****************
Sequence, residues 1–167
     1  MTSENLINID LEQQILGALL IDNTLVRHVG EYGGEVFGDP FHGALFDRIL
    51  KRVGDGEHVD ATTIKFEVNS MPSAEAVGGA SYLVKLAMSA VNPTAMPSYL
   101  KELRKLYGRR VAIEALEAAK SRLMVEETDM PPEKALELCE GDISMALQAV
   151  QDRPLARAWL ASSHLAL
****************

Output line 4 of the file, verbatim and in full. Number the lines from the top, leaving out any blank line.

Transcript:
   101  KELRKLYGRR VAIEALEAAK SRLMVEETDM PPEKALELCE GDISMALQAV